Bay Journal

Craig Highfield

Foresters’ conflicted love for red maple highlights its various roles

Over the many years that I have been interacting with our region’s forest practitioners and enthusiasts, I have observed that many of us harbor a profound and deep emotional relationship to particular tree species.

These emotions run the gamut from effusive adoration to downright animosity. Some species are almost unanimous in the passions that they invoke; from the pleasing...

Learn how you can leave a legacy rooted in conservation

“A society grows great when old men (and women) plant trees whose shade they know they shall never sit in.”

I ran across this Greek proverb a while back.

Although it has broader societal implications for sure, as a tree enthusiast, I can’t help narrowly interpreting it for the work we in the conservation community engage in on private family-owned forestlands. We invest...

Leave a legacy for Chesapeake forests – plant oak trees

As spring finally arrived with its much-anticipated warmth and vibrant color, our oaks, the great statesmen of our Eastern deciduous forests, again waited patiently to break dormancy. It is as if they somehow understand their significance while choosing to remain wise and humble.

Oaks (genus Quercus) have served a prominent role in our landscape for the last 10,000 years,...

Alliance for the Chesapeake Bay

In the late 1990s, I moved to Maryland to teach in a public middle school, a career that I thoroughly enjoyed before being drawn into in the environmental world.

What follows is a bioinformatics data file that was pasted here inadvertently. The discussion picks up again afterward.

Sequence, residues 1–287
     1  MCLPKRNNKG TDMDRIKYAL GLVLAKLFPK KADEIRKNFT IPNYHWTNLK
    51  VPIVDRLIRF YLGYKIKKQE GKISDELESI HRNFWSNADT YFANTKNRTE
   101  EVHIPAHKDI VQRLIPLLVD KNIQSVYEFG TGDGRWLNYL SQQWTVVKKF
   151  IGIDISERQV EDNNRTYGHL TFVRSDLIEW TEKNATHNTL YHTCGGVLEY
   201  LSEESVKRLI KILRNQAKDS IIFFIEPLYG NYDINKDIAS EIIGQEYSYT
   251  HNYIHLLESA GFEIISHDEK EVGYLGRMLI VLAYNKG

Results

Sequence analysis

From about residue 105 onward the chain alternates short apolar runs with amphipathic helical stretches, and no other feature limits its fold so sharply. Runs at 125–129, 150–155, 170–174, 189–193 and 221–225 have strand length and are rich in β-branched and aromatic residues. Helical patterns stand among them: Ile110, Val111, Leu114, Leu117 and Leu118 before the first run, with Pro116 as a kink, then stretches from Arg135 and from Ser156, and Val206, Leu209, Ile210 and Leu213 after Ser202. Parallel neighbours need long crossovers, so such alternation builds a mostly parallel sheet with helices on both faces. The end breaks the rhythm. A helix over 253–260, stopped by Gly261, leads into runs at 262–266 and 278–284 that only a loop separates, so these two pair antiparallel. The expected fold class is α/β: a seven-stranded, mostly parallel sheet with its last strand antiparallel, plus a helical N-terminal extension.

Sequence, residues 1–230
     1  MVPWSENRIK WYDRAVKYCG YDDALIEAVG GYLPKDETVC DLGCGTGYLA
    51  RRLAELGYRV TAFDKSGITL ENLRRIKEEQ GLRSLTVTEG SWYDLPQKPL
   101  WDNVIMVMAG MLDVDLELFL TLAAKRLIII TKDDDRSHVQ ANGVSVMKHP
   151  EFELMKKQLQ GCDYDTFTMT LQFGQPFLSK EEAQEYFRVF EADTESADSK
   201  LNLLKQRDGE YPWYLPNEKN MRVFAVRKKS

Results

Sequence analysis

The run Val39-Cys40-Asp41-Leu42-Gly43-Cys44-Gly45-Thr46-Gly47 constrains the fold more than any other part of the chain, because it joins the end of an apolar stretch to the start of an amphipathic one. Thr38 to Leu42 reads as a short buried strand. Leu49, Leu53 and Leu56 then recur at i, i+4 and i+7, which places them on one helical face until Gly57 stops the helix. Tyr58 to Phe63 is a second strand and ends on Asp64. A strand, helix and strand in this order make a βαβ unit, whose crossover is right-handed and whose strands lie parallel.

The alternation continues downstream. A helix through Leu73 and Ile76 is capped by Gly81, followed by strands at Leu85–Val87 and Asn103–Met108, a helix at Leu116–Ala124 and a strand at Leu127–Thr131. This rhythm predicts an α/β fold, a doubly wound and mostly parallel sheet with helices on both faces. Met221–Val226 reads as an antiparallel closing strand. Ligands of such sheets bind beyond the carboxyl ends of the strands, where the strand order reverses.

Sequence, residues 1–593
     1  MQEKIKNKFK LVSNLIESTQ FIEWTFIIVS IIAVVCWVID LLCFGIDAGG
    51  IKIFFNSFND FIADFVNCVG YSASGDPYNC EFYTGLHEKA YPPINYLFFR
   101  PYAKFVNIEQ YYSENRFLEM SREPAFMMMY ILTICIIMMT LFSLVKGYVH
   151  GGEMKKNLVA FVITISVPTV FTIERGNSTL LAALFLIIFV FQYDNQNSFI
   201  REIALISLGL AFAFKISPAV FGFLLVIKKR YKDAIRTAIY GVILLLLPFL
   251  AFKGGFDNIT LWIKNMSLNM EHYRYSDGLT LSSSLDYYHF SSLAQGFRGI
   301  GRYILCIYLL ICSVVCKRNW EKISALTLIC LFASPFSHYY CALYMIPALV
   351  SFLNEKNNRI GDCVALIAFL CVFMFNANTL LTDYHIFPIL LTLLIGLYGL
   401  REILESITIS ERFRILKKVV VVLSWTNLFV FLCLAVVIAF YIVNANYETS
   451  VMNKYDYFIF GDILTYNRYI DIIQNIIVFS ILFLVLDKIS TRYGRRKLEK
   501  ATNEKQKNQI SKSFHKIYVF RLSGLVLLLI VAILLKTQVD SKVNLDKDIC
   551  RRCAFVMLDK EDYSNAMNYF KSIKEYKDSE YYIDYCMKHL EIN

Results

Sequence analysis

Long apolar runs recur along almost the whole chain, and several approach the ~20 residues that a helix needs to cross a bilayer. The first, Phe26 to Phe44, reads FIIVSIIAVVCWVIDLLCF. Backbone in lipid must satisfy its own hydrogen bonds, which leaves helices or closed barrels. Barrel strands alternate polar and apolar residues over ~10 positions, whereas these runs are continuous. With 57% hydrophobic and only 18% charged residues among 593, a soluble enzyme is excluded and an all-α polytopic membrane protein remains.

Awards honor those who have protected watershed’s forests

What if we could build a machine that could remove chemicals and dirt from the air and water; suck up CO2 from the atmosphere and store it for 50 years or more; organically filter runoff; recycle pollutants; cool our communities; and reduce energy consumption? And, what if this machine could do all of these things without using electricity or fossil fuel and at minimal cost to...

  • Al Toddand Craig Highfield

Plant a tree - it just might save a fish

Spring is a great time to focus our attention on our environment. Days are getting longer, plants are budding and the sound of birds is once again filling the morning air.

It seems that whenever we hear about the Chesapeake Bay these days, the topic is water quality or the crabs, oysters and fish that are an iconic part of the Bay estuary.

Much of the...

Save the forests and you might save the Bay

This month marks the completion of my first year coordinating the Alliance for the Chesapeake Bay's Forestry for the Bay, an education and outreach program that promotes sustainable forest management to private landowners.

Although I have been steeped in Bay issues for many years, 2008 has given me the opportunity to delve into an area that I believe has not received enough...

About Craig Highfield

Rob Etgen is president of the Eastern Shore Land Conservancy.


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